Thursday, 20 March 2008

IBM Master Inventor visits AlertMe

Just before Easter we had a visit from IBM Master Inventor Andy Stanford-Clark, who runs the Pervasive and Advanced Messaging Technologies team at Hursley Park. Hursley is home to several IBM products including Websphere MQ, which is middleware.

Middleware (which is also an interest of our friends in the Opera group) is software designed to move information around organisations, especially between other software applications. There are lots of ways software programs can talk to each other, but because organisations get things done by taking in raw materials - including information - and processing them into a final product, the movement of information through an organisation is extremely important. In fact, it is often their main reason for existing! When those information flows become very complex, and they usually do, it is hard for managers to know what's going on. Its even harder for them to change how things work. That's dangerous, because efficiency and being able to adapt quickly are vital survival skills for many businesses.

Middleware makes it easy to manage those information flows. It gets its name from where it sits, between the parts of the organisation that generate information and the parts that need information. It automates processes, makes sure applications can get information when they need it, translates between different applications' languages, keeps track of who's allowed to do what, and delivers messages reliably. That leaves application designers free to concentrate on doing what they need to do, instead of reinventing the wheel. Also, having all the business applications that share information talk to MQ and not directly to eachother makes it much easier to integrate new features and streamline the way things work. That gives business leaders more freedom to try things out and respond to change.

MQ was originally designed for corporate intranets, running on relatively powerful computers which could talk to each other via high speed links, but Andy and his team are busy extending it to work with lower bandwidth connections and less powerful devices. They're doing this with an MQ extension called Telemetry Transport (see In the world of small and cheap connected devices, information flows are often very local - around a home, say, rather than around a corporation - and are often considered an integral part of a larger application, rather than simply connecting distinct applications together. But middleware still offers the same advantages of transparent design and easy reconfigurability.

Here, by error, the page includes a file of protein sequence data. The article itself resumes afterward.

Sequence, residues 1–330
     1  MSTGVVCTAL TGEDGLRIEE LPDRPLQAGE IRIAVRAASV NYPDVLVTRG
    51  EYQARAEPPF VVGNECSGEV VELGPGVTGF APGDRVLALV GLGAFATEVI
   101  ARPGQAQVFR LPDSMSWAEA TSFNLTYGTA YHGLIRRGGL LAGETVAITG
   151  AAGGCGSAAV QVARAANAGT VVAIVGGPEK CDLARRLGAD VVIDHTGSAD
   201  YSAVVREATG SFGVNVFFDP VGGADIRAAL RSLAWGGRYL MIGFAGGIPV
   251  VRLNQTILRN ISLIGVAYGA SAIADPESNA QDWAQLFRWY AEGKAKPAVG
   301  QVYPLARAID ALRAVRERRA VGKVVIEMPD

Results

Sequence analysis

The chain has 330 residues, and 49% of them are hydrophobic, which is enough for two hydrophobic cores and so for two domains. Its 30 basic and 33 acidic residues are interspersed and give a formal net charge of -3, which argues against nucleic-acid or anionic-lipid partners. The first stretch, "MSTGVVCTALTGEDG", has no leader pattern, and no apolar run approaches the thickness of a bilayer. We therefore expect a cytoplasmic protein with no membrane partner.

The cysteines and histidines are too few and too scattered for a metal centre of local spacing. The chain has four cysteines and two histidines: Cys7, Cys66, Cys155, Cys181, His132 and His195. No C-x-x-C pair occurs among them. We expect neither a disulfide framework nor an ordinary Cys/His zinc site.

Being an IBM Master Inventor, a big part of Andy's job is exploring how how his technology can be used. He's already demonstrated many applications using things like embedded linux computers connected by GPRS, and now he's interested in really tiny microprocessors connected by ZigBee.

We first read about his work in Eureka Magazine, which recently featured his Power Orb. The Orb reacts to his rate of electricity usage by changing colour from cool blue to hot red as it increases. Andy showed us how he can also get this information on his mobile phone (using a Java MIDlet) and even publish it to a Twitter account (what's Twitter?) via Twitter's API (what's an API?). In fact, if you look at his Twitter feed, you'll see that electricity is only a small part of the information Andy collects from his house - there are also updates on lighting, heating, temperature, phone and water usage. Each update comes from a simple sensor, via MQTT. The system works both ways too - it is possible to turn the fountain, lights and heaters on and off by flicking switches on a web page.

We got a lot of good ideas from Andy's visit, including a bunch of cool things AlertMe could do in the future. The Power Orb is a particularly interesting one, because we already have a Lamp accessory that glows pretty colours according to whatever rules we build for it. Twitter feeds excite us too, because they seem like such a great idea and the world is still figuring out what to do with them. We'd love to hear what you think! Sign up to our forums and let us know. How would you feel about your house having a Twitter feed? Would it be amazingly useful or scarily public? Would you prefer it to use IM? (what's IM?), or email? What would you want it to say to you?